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Here are 0 to 15 in binary:

0 1 10 11 100 101 110 111 1000 1001 1010 1011 1100 1101 1110 1111

I have shuffled and concatenated them to obtain the following strings:

  1. 01011111001011110010101110110011110110111101100011

  2. 11101011111011011011111011100101100011100101011001

  3. 11111011111010011010101111000100011101101010011111

Can you recover the order of each binary number in each string? There is a single unique solution in each case. This fact should actually help you solve them. No computers are allowed.

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  • 3
    $\begingroup$ It was somewhat tricky to find strings that have a single solution. $\endgroup$ Nov 4 at 1:29
  • 4
    $\begingroup$ About 0.8% of random shuffles produce a string with a single solution. One can easily generate thousands of these puzzles. Of course, building one manually is a puzzle in and of itself. $\endgroup$ Nov 4 at 4:14
  • 1
    $\begingroup$ Curious which string has the highest number of possible shuffles S_max, and what that number is? and can we get a closed-form expression for S_max as a function of the number of binary digits b (in this case b=4)? $\endgroup$
    – smci
    Nov 4 at 23:32
  • 2
    $\begingroup$ @smci At least 718, with 10011101100101010111111111110101011110110011101000 (hexadecimal: 0x27655ffd5ece8) I'll let the code run overnight to see what else pops up. $\endgroup$ Nov 5 at 1:42
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    $\begingroup$ I expect this to be maximal: 0x22765d57ff6ce (890 solutions) 1000.10011101100.10111010101011111111111011011001110, also 0x2765d57ff6ce8 which has 1000 on the right instead of the left. The other four permutations of the three groups (0x22eabffb674ec, 0x2eabffb6744ec, 0x2eabffb674ec8, 0x27645d57ff6ce) have 886 solutions each. $\endgroup$ Nov 5 at 18:30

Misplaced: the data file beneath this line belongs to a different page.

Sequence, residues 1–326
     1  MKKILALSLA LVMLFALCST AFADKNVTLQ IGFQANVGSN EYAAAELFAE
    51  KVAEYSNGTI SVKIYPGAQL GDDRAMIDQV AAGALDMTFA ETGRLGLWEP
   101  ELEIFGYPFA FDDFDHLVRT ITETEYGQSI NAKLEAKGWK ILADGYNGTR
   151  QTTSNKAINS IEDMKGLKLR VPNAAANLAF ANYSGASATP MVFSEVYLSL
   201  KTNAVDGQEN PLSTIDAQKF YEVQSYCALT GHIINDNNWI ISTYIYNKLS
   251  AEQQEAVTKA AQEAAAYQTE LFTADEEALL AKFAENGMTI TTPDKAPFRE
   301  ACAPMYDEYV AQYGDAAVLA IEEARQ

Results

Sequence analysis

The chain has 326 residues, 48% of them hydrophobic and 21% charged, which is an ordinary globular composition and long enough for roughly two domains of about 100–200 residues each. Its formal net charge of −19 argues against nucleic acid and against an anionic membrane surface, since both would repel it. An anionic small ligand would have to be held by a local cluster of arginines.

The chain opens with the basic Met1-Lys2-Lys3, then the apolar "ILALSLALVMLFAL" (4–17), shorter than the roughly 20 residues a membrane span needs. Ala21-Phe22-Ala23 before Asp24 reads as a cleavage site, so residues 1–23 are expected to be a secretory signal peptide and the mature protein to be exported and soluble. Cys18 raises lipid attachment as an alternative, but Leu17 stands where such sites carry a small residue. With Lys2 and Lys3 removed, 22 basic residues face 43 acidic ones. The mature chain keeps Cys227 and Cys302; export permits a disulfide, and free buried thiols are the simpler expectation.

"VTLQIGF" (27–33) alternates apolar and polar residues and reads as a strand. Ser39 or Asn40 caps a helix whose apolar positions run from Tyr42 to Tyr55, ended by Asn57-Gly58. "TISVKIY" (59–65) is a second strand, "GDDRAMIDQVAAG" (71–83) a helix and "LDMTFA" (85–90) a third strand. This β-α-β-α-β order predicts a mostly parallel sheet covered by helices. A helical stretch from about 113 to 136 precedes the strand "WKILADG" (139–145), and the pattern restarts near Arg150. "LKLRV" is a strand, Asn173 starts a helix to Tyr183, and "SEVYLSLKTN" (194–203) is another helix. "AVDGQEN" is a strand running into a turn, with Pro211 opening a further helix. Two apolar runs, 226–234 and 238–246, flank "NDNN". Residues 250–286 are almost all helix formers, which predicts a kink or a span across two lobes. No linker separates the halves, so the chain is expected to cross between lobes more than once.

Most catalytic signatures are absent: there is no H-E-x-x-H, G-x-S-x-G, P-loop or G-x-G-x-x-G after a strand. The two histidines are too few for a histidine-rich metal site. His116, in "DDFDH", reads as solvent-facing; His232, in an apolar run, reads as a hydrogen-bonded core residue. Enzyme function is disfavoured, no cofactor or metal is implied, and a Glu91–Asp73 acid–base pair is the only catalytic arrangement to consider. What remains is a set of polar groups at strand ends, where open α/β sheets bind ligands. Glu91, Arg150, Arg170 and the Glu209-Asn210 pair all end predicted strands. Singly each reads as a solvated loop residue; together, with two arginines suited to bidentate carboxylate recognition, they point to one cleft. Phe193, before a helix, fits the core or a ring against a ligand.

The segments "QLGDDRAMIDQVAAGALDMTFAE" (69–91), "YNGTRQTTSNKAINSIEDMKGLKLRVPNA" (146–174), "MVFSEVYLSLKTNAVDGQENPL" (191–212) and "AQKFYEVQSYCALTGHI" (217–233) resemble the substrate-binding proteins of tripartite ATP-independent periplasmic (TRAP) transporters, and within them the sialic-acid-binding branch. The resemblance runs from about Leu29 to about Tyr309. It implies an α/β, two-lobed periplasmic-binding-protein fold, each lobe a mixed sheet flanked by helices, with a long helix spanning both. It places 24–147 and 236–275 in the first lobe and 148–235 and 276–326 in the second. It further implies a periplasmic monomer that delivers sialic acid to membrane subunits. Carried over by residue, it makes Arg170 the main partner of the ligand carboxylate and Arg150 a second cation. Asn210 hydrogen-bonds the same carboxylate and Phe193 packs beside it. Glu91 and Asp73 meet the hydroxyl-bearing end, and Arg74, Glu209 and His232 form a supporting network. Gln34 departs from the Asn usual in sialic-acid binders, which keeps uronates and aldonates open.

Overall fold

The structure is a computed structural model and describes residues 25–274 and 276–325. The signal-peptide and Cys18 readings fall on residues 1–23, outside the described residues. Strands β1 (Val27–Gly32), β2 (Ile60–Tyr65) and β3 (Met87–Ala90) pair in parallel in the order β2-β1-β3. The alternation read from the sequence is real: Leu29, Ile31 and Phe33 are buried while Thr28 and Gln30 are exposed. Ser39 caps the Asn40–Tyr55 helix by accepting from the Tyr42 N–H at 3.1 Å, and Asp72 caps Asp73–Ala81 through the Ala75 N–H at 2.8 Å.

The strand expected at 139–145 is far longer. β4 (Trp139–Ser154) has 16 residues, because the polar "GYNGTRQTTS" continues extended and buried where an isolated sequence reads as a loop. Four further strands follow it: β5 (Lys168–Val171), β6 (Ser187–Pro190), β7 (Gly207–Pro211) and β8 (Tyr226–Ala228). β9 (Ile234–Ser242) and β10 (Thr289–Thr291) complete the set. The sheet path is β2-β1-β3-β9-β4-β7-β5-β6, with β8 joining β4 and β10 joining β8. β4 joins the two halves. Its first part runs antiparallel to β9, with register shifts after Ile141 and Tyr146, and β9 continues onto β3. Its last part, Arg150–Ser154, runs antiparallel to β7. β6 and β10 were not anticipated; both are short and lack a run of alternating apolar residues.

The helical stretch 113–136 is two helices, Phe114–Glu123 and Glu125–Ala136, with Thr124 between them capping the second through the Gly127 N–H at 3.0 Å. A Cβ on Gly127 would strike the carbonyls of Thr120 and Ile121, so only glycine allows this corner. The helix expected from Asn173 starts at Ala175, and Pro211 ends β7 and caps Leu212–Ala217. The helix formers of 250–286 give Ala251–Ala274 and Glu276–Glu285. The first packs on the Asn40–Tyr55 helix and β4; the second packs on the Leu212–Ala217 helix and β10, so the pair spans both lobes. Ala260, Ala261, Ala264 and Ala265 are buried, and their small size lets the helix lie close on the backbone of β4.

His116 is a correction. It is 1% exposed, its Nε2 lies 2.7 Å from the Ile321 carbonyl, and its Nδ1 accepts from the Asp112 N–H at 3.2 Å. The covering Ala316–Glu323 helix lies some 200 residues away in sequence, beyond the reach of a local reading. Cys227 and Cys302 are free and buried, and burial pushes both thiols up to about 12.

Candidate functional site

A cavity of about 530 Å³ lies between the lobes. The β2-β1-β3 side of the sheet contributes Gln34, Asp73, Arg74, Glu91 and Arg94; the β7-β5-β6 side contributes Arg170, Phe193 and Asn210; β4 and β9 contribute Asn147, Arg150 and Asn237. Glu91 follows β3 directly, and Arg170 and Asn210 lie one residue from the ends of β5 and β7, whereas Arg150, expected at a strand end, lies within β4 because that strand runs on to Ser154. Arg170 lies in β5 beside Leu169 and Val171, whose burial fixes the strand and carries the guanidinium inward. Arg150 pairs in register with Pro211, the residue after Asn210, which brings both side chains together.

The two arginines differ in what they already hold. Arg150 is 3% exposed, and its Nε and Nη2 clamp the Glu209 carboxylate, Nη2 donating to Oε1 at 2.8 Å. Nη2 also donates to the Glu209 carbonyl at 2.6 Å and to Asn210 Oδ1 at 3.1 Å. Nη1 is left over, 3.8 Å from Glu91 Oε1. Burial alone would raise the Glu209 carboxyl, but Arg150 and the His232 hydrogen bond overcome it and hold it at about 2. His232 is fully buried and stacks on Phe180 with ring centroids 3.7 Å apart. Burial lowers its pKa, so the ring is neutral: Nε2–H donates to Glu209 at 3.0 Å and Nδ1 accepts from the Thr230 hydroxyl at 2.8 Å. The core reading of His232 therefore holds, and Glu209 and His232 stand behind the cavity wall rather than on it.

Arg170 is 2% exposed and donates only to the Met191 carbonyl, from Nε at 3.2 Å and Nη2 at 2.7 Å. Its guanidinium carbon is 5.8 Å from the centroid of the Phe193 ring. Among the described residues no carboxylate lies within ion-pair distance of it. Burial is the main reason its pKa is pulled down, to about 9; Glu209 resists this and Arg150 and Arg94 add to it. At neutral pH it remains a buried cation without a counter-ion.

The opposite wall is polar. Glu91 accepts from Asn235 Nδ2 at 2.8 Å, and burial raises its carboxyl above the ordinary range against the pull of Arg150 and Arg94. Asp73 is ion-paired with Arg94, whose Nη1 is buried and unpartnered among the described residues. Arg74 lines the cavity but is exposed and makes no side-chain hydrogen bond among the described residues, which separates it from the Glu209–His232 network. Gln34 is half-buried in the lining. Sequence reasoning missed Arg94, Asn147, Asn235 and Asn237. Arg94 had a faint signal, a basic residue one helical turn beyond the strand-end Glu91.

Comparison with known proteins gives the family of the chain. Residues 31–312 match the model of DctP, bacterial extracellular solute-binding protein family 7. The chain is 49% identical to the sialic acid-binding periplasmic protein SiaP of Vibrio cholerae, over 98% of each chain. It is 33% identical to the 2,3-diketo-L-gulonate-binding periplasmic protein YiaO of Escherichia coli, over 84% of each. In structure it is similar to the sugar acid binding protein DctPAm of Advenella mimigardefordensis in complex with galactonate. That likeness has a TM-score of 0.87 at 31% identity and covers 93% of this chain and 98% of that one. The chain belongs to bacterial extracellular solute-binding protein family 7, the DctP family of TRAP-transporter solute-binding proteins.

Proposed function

1 Answer 1

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First string:

First, there's only one 000, which must be part of 1000, and the initial 0 must stand alone:
0 1011111001011110010101110110011110110111101 1000 11

Next, note that

The three 00 pairs must lie in 100, 1001, and 1100, in some order. The third of these is the only one that isn't within the sequence 0010, so that must be where 1001 goes:
0 10111110010111100101011101 1001 1110110111101 1000 11

Next, there's only one way

To place the sequence 1111 without leaving a leading 0, within the sequence 11111. From there we can also place 100, and thus 1100:
0 10 1111 100 1011 1100 101011101 1001 1110110111101 1000 11

By the same argument,

We can also place the 111 within the only remaining 1111 sequence:
0 10 1111 100 1011 1100 101011101 1001 1110110 111 101 1000 11

Now, we can finish things off:

0 10 1111 100 1011 1100 1010 1 1101 1001 1110 110 111 101 1000 11


Second string:

First, we can find the sequence 000 and thus the string 1000:
11101011111011011011111011100101 1000 11100101011001

Next, let's look at:

The three occurrences of 00. One of them must be within 1001, which is probably the last occurrence. It's not guaranteed, but it allows us to not lock in the 0. We can then put separators after the other two 00s:
11101011111011011011111011100 101 1000 11100 10101 1001

Next let's guess that

The 10101 sequence near the end shookd be split into 1010 and 1, as we already have a 101:
11101011111011011011111011100 101 1000 11100 1010 1 1001

We can now place

The 100 and 1100, so as not to duplicate the 1:
1110101111101101101111101 1100 101 1000 11 100 1010 1 1001

Now there's only one place for the

1111 to go, in the first 11111 block, as the second would create another 101. Instead, let's carve a 1101 out of the second block:
111010 1111 10110110111 1101 1100 101 1000 11 100 1010 1 1001

And now let's finish things up:

1110 10 1111 1011 0 110 111 1101 1100 101 1000 11 100 1010 1 1001


Third string:

Note that there's two 000 sequences, so one is in a 1000, and the other is ...00 0. So there's a break after each 000:
11111011111010011010101111000 1000 11101101010011111

Next, let's look at

The two other 00 sequences. They both are within 0100 sequences, so neither is in the 1100. So we can identify the 1100:
111110111110100110101011 1100 0 1000 11101101010011111

Next, we can

Separate out the other two 00 sequences, at least their beginnings:
111110111110 100110101011 1100 0 1000 111011010 10011111

Next, note that because there's a unique solution,

The final 00 sequence can't be within a 100 sequence, because the five 11111 sequence could be divided multiple ways. Thus:
111110111110 100 110101011 1100 0 1000 111011010 1001 1111

Next, note that

The later big string can't be split as 1110 110 10, because there's nothing left for the end of the first big string. Thus:
111110111110 100 110101011 1100 0 1000 11101 1010 1001 1111

Now, let's start guessing to wrap it up:

111 1101 1 1110 100 110 10 1011 1100 0 1000 11 101 1010 1001 1111

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    $\begingroup$ great deduction $\endgroup$ Nov 4 at 3:10
  • $\begingroup$ Congratulations you have completed this difficult puzzle! $\endgroup$ Nov 5 at 13:22

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